After a prolonged debate Tuesday night underscored by months of campus controversy, the Minnesota Student Association passed a resolution calling for the University of Minnesota to divest from companies that profit from human rights violations.
The original resolution, dating back to February explicitly, called for divestment from four specific companies: Caterpillar, Elbit Systems, G4S and Raytheon.
Sami Rahamim, president of Students Supporting Israel, proposed on Tuesday to strike any language referring to individual businesses.
“The companies were chosen specifically to target Israel and thereby the Jewish community on campus,” Rahamim said.
The amendment to remove the names of the four companies from the resolution passed in a secret ballot.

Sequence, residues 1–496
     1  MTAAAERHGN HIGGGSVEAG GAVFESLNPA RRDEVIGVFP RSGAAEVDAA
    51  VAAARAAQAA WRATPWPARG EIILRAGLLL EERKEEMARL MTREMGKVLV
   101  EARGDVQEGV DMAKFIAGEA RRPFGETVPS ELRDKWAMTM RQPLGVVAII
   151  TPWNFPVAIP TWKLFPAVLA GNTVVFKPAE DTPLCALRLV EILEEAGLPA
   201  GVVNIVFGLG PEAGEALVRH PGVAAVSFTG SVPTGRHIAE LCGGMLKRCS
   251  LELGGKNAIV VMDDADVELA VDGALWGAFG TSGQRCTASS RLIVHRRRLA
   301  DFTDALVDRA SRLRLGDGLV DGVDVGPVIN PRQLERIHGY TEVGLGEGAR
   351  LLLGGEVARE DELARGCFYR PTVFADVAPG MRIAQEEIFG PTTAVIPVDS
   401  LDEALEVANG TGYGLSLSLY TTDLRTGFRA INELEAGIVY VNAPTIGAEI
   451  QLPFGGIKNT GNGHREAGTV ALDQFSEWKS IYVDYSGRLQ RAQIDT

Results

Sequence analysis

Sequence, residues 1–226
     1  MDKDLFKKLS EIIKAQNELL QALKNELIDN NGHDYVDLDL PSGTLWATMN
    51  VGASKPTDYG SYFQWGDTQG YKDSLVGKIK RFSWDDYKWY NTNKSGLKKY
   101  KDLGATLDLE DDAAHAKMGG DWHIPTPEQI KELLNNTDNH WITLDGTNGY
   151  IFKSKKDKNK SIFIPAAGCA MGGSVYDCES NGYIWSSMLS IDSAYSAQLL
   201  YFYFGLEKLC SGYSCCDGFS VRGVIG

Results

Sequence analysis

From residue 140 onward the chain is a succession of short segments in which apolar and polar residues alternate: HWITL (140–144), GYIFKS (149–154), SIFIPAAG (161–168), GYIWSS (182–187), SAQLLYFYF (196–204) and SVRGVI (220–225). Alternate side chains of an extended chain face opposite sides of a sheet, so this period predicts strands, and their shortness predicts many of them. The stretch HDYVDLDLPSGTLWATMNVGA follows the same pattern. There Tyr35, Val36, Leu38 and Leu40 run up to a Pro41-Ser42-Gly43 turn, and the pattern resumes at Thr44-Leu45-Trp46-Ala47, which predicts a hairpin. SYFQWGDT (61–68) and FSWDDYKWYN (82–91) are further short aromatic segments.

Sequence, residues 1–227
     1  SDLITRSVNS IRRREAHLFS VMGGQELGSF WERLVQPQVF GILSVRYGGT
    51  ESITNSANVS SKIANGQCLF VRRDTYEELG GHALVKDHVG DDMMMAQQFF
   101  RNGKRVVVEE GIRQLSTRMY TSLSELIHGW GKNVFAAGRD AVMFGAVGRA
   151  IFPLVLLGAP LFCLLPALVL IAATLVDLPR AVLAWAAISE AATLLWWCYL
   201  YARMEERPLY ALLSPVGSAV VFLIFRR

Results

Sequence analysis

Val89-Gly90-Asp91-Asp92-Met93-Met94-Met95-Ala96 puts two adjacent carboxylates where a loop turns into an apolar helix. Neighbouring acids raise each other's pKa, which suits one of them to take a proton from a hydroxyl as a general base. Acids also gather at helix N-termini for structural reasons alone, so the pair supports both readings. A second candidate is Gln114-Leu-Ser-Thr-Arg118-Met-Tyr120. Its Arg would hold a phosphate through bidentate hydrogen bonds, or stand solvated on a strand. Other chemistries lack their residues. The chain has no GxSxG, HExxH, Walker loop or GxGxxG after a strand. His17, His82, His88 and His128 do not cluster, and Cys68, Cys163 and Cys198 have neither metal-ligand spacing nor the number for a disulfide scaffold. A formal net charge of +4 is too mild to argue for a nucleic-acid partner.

Rula Rashid, president of Students for Justice in Palestine and one of the authors for the resolution, said the proposal was intended to address global human rights and was not meant to be an attack on Israel or the Jewish community.
“I think it’s important to list out the atrocities committed by these companies,” Rashid said at the debate.
Arguing that the amendment definitively changed the resolution’s message, Rashid asked at the debate to strike the names of all sponsors and authors from the document.
By the end of Tuesday’s meeting, only Rahamim’s name remained on the resolution, though he said more will be added.
Though students hotly argued the proposal’s semantics, both sides agreed on a call for increased transparency from the University on its financial investments.
“This is about human rights violations. … And if the University is in anyway funding that, it needs to stop,” said Natasha Moore, a first-year student who voiced support for the original resolution at Tuesday’s meeting.